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Other Titles: การนำเสนอภาพลักษณ์สตรีชาวเหนือ ในภาพยนตร์ไทยคัดสรรจากสองยุค
Authors: Chawaloed Sittipattana
Authors: Dr.Isaraporn Pissa-ard
Chawaloed Sittipattana
Issue Date: Apr-2558
Publisher: เชียงใหม่ : บัณฑิตวิทยาลัย มหาวิทยาลัยเชียงใหม่
Abstract: This study examines the portrayal of Northern Thai women in four selected Thai films from two periods of production. The selected films from the older period are Siang Sueng Tee Sunsai (1980) and Sankampang (1981), and the newer films are Puen Sanit (2005) and Home: Love, Happiness and Memories (2012). The first objective of this study is to explore the images of the leading female characters from the selected films in various aspects, such as characterization, social roles and status associated with social development, cultural and moral behaviors as well as relations of power with men, especially those from Central Thailand. The second objective is to find out if there are changes or improvement of Northern Thai women’s images as seen in the selected films. The study reveals that the physical beauty of Northern Thai women is emphasized more often in the old period films than in the newer ones. The old films also tend to focus more on Northern women’s involvement in the sex industry. Additionally, ideal images of Northern women as obedient daughter s or responsible and submissive wives often appear in older films, whereas newer films place more emphasis on women’s confidence, autonomy and economic independence. Furthermore, in the older films negative stereotypes of Northern Thai women are common while newer films reveal some attempts to challenge those stereotypes. As for women’s roles and status, Northern women in older films tend to be confined to the domestic sphere and most of them have no job, so they have to rely on men for financial support. Once leaving the domestic sphere, young Northern women are often depicted as involving in the sex trade. However, in the newer films, Northern women are shown as capable of earning their own salary or having more opportunities in education. Regarding male-female power relations, Northern women in older films are portrayed as subordinate to men, especially those from Central Thailand. In the newer films, however, there are some Northern women who are depicted as possessing superior ability and intelligence to their male counterparts. This more positive characterization of Northern Thai women could be seen as reflecting the impact of feminist movements on the representations of women in contemporary Thai films and other forms of media. Nonetheless, newer films also include Northern women who appear inferior to or dependent on men. This suggests that, despite the influence of feminist thoughts in modern Thailand, gender inequality is still a problematic issue that needs to be addressed in Thai society nowadays.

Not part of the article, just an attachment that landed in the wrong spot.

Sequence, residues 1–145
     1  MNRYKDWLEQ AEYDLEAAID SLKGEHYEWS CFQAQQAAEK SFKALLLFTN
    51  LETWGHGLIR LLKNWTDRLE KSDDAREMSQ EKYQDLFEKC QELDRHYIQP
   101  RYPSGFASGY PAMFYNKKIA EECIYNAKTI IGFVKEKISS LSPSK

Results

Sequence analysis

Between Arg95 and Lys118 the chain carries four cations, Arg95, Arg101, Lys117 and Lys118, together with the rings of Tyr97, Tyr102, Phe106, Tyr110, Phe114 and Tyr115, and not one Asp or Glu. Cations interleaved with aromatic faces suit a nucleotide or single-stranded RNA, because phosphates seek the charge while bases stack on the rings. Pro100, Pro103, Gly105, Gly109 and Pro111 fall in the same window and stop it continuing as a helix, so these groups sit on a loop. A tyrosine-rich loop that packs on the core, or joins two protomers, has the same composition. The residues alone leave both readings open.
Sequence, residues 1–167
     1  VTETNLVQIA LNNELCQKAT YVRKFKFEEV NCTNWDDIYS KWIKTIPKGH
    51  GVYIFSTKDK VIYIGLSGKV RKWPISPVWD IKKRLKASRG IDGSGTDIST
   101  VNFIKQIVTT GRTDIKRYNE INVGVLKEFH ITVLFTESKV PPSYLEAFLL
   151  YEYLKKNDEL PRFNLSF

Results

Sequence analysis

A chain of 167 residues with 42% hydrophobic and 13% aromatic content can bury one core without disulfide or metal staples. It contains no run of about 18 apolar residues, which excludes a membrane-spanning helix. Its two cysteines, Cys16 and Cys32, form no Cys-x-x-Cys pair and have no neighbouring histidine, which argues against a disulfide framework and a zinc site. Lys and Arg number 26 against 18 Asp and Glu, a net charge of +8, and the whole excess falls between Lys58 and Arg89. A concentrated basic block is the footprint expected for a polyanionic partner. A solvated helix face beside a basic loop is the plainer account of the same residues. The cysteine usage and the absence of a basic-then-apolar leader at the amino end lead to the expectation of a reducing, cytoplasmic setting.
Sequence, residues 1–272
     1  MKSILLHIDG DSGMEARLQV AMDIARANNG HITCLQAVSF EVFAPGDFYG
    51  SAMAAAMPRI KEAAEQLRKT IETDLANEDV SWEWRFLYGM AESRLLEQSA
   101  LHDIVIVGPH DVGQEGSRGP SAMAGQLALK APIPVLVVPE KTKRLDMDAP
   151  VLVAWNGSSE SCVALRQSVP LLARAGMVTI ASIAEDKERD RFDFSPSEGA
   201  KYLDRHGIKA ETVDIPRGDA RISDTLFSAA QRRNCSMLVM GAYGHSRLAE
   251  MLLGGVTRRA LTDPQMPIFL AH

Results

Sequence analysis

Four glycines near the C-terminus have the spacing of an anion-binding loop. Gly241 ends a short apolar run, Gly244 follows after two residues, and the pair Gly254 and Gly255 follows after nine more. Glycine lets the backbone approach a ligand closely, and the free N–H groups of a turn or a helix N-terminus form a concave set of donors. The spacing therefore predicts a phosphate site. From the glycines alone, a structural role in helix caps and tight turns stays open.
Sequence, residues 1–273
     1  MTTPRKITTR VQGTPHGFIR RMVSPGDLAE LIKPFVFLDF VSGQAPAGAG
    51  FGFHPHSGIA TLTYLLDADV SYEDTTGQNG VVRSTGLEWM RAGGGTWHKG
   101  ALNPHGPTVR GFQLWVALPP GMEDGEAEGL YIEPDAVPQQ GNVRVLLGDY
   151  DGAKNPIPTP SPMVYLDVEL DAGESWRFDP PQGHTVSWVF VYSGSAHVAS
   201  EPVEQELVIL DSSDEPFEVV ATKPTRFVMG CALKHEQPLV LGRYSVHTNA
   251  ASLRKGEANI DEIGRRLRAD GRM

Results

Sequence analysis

Appears in Collections:HUMAN: Independent Study (IS)

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